Originally Posted by drewmey
I completely agree that it is just easier and more simple to wait and siphone a second time to remove as much yeast as possible. However, i don't agree about the alcohol thing. Alcohol begins to boil off at 170 degrees whereas yeast tends to die at 140. Also you have to boil alcohol for about 15 minutes just to remove about 50 percent of the alcohol. So i would think having the exterior at 190 would have almost no affect on the alcohol content. By the time the temperature begins to reach equilibrium between the two, the temperature should be less than 170. Then again...Haha this is my first time doing this.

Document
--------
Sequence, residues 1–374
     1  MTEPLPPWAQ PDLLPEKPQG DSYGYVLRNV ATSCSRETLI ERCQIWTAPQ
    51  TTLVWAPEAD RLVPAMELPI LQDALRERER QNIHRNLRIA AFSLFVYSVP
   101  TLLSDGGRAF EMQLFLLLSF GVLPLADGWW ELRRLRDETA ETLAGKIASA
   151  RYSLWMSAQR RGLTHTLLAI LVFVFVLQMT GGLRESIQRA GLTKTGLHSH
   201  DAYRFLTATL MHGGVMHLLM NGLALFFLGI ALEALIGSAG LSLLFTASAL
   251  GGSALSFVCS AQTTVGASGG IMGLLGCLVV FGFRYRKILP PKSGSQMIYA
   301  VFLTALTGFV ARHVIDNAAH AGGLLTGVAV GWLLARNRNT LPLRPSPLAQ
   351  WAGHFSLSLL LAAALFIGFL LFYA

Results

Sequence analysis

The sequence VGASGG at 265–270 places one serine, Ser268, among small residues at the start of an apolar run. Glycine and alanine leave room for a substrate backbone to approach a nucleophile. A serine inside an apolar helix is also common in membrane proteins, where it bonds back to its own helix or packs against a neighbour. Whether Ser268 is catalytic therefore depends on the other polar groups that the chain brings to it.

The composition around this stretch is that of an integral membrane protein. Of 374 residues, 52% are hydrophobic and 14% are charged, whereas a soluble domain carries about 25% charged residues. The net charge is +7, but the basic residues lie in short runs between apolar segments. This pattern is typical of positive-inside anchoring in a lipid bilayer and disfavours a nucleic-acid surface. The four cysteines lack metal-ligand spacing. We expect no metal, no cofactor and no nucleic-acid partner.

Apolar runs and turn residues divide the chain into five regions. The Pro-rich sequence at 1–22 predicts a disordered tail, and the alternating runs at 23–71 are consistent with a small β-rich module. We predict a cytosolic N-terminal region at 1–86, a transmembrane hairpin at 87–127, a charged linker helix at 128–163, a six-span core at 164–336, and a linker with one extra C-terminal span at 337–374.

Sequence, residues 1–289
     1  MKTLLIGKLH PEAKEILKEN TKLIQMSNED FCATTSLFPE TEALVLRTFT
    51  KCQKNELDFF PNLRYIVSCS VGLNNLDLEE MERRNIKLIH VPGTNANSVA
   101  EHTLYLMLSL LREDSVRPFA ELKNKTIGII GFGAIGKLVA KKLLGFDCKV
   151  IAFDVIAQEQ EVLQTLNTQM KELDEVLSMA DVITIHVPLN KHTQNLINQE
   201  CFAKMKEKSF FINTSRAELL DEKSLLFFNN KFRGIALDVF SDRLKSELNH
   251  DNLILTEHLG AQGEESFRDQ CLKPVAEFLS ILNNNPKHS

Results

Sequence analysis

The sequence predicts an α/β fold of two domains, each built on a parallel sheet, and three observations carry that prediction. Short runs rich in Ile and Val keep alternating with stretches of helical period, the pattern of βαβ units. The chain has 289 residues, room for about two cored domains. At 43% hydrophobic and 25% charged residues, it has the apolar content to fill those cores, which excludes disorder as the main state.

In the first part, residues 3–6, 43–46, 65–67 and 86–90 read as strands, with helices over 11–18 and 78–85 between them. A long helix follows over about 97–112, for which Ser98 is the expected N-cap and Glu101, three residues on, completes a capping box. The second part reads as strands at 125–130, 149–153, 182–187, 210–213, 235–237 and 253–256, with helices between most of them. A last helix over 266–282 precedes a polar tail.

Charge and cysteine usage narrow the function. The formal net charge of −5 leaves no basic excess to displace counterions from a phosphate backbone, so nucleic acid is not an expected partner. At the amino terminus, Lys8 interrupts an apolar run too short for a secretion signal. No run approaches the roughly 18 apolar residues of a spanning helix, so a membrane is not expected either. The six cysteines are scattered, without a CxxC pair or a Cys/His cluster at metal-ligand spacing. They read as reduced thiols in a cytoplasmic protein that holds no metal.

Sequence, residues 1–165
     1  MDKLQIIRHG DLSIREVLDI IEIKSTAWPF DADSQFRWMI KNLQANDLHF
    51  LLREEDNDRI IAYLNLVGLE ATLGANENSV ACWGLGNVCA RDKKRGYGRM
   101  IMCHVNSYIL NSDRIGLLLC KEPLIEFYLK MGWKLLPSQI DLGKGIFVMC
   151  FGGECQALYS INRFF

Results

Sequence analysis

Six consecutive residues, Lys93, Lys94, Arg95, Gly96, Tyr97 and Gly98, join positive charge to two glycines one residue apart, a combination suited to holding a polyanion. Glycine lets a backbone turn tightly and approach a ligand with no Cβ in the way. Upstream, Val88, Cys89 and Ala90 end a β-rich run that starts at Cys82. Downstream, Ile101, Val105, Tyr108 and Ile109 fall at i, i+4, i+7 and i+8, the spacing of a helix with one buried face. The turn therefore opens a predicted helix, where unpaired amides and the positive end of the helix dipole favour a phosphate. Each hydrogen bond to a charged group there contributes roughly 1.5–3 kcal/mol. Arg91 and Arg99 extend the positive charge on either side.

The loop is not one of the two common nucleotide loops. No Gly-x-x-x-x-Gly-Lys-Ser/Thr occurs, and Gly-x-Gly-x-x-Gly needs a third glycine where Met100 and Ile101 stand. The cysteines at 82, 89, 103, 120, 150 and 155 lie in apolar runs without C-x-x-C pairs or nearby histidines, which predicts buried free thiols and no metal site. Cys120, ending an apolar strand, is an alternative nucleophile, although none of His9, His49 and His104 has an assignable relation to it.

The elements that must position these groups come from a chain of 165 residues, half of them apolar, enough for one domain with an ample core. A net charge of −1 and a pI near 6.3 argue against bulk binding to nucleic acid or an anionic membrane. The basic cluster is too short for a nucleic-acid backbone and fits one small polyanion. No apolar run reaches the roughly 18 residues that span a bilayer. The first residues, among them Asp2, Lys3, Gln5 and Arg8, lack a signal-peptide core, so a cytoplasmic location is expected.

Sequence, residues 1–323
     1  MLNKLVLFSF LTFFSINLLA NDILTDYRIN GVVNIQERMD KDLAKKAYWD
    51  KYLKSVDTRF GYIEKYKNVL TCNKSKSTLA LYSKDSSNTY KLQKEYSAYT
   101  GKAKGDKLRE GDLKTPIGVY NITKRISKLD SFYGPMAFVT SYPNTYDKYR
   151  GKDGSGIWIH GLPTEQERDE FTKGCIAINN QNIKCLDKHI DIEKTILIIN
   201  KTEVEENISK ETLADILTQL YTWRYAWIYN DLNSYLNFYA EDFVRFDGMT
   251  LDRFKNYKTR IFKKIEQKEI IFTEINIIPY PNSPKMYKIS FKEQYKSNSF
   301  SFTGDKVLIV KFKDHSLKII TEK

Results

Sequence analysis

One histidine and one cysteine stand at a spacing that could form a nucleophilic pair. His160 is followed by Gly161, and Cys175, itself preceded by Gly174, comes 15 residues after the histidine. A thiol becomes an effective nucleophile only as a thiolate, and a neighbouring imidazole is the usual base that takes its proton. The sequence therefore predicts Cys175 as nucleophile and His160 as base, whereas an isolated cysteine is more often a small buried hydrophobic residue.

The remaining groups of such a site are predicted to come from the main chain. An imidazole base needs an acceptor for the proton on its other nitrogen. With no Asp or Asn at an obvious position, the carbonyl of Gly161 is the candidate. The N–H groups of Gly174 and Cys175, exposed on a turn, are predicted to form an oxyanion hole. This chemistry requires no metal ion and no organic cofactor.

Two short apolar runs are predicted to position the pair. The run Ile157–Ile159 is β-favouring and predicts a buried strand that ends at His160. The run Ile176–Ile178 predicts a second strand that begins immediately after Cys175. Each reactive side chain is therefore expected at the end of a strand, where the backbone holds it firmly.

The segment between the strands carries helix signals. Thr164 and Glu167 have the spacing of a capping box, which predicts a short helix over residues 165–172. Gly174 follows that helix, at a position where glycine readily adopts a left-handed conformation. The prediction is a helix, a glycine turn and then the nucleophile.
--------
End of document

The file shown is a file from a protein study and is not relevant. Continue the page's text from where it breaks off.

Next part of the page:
Ok, if I can't dissuade you, please be VERY careful. Because the cider is young, it will be gassy and will easily blow up when heated. Keep the kettle covered, and keep children and pets out of the area until all are cooled.
Here's the thing- you wouldn't have to worry about "killing the yeast" anyway, if you'd get a $5 hydrometer and make sure fermentation is finished before bottling. Or wait a month. Seriously.
Unnecessarily pasteurizing something that either (or both) time or a $5 hydrometer would fix is really just making a super simple process difficult, time consuming and dangerous.
But you've been warned by people who have only been doing this, I dunno, 20 or 25 years. Once a bottle blows up in your kitchen, perhaps you will be more patient next time.